1. What will I gain by quitting? Quitting would end the emotional toll of trying to change an organization that doesn’t actually want to change.

There is no bright line test to know when it is best to persevere and when it is best to cut one’s losses and quit.  Asking trusted friends or family for advice is a great starting point for making the final decision because their vision is not clouded by the emotional attachment that makes it difficult for us decide.

About Norma Shirk

Norma started her company, Corporate Compliance Risk Advisor, to help employers create human resources policies for their employees and employee benefit programs that are appropriate to the employer’s size and budget. The goal is to have structure without bureaucracy. Visit Norma’s website: www.complianceriskadvisor.com.

Like what you’ve read? Feel free to share, but please… Give HerSavvy credit. Thanks!

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Was Duchamp Really An Artist?

 

duchamp2Marcel Duchamp is considered one of the brightest artists of the 20th century.  Not to me.  I pretty much hate everything he did and wouldn’t pay a plugged nickel for any of it.  But that’s okay because it’s my opinion.  Art is subjective. If a piece of art doesn’t “speak” to you emotionally, it’s not worth a plugged nickel.

I learned that lesson from an English professor who taught a class in Renaissance English poetry. (It was the only English class that fit my schedule that semester.)  At first, none of us wanted to voice our opinion on the poetry we were reading because we didn’t want to sound gauche or uninformed.  Then the professor told us that any work of art, regardless of the medium used, only has value if it speaks to us emotionally.  Without that emotional connection, art has no value.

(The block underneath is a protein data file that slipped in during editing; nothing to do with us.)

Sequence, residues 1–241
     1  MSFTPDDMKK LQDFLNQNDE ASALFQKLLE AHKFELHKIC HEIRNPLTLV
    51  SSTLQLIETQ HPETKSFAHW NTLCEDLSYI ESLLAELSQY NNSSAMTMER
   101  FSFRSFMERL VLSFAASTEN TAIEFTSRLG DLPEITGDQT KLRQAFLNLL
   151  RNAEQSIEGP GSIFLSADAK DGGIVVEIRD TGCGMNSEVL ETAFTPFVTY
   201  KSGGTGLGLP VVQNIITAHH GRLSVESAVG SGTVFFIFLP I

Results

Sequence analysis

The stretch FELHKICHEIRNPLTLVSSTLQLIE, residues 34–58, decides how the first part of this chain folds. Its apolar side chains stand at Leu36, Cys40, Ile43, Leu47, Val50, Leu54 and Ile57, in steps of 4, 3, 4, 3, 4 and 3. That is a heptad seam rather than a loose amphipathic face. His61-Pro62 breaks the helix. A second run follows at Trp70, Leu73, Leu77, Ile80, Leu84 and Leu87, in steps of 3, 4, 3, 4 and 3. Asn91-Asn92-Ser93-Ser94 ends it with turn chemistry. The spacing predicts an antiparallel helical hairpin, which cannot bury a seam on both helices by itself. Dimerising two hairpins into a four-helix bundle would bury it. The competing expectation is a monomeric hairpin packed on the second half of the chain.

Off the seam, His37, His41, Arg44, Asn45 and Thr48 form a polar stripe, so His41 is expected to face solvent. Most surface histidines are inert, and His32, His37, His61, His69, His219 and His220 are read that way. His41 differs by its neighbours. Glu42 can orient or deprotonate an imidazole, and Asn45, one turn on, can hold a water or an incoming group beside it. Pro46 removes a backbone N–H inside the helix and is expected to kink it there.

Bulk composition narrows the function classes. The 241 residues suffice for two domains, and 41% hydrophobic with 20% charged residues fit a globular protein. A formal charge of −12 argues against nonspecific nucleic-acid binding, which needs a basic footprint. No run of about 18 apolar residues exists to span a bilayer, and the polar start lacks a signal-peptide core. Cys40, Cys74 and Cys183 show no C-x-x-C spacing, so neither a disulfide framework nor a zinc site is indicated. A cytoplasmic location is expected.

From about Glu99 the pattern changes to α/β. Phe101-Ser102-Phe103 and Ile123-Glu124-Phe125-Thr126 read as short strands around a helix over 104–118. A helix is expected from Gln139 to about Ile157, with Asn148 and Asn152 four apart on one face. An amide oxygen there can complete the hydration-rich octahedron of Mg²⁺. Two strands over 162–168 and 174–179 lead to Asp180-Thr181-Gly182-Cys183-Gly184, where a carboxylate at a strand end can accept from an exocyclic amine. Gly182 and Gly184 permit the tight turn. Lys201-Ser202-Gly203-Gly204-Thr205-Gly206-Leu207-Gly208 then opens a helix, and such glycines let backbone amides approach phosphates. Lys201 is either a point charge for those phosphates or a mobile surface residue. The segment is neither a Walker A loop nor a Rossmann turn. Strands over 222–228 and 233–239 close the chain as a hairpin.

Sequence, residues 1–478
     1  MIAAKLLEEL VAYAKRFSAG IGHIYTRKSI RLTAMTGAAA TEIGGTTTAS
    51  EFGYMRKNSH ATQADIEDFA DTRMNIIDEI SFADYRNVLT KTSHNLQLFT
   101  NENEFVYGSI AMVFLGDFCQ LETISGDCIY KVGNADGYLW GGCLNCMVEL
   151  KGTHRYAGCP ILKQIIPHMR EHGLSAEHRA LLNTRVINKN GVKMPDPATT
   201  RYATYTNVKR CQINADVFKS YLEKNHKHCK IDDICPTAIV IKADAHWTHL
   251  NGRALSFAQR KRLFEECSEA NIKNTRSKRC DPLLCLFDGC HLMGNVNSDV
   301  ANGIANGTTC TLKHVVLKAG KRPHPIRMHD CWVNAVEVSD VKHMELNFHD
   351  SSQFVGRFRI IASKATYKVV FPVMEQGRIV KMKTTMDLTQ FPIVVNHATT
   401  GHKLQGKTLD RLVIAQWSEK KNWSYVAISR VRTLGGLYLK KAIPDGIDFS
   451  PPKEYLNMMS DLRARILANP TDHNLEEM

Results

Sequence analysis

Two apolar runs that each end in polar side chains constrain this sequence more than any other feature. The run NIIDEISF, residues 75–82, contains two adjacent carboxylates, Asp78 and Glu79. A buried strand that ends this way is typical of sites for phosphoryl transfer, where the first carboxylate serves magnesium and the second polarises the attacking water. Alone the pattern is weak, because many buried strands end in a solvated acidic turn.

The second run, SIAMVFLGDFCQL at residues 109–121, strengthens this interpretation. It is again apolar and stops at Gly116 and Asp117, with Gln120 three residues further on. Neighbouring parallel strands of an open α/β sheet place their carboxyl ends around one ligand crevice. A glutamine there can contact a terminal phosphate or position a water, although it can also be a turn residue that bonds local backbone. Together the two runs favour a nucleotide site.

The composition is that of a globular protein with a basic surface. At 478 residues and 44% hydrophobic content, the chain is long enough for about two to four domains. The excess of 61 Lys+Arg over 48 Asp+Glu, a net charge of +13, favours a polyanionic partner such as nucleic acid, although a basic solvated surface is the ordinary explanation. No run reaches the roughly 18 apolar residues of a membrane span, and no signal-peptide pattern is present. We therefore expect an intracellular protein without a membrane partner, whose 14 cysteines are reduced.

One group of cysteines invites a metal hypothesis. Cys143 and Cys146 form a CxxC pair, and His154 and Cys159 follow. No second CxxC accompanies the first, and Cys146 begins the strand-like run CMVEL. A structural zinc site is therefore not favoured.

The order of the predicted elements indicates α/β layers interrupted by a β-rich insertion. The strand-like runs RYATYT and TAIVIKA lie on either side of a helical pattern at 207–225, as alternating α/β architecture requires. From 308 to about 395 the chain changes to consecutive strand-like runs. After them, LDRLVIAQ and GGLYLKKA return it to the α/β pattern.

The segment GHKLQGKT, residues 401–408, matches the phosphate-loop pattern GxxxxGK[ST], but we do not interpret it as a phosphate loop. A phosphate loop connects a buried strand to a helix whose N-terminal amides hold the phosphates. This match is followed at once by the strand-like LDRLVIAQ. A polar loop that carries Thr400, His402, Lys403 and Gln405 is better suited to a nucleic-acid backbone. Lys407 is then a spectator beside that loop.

Years later I was invited to a special exhibit in Dallas, Texas of the private collection of one of the city’s leading citizens.  The collection was a mishmash of Benin sculptures, Anasazi pots, Mayan knickknacks, some random Asian artefacts and so on.  It was a 30 or 40 year history lesson in art collecting based on what the avant-garde defined as “art.”  The owner of the collection had buckets of money but apparently collected only what everyone else collected.

That brings me back to Duchamp.  This guy is famous for displaying three panes of glass.  When one pane of glass was broken during transit, Duchamp claimed he liked the piece even more. It’s still on display somewhere with one cracked pane.

Most famously Duchamp put a urinal on display.  Viewers proclaimed that it had classic lines rather than pointing out that it was a bathroom fixture that should be returned to the men’s room down the hall.  No one wanted to be mocked by the avant-garde crowd for lacking artistic sensibilities.

It’s amazing how much guff and abuse we are willing to take to remain part of the “in” crowd.  Duchamp always reminds me of that human trait.  He not only convinced people that panes of glass and a urinal were “art,” he induced them to pay huge sums of money to own one of his pieces.  So I admire his chutzpah and think he was one of the greatest marketers of the 20th century.  But, in my opinion, Duchamp was not an artist.

About Norma Shirk

Norma started her company, Corporate Compliance Risk Advisor, to help employers create human resources policies for their employees and employee benefit programs that are appropriate to the employer’s size and budget. The goal is to have structure without bureaucracy. Visit Norma’s website: www.complianceriskadvisor.com/.

Like what you’ve read? Feel free to share, but please… Give HerSavvy credit. Thanks!

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Filed under Fun Savvy, History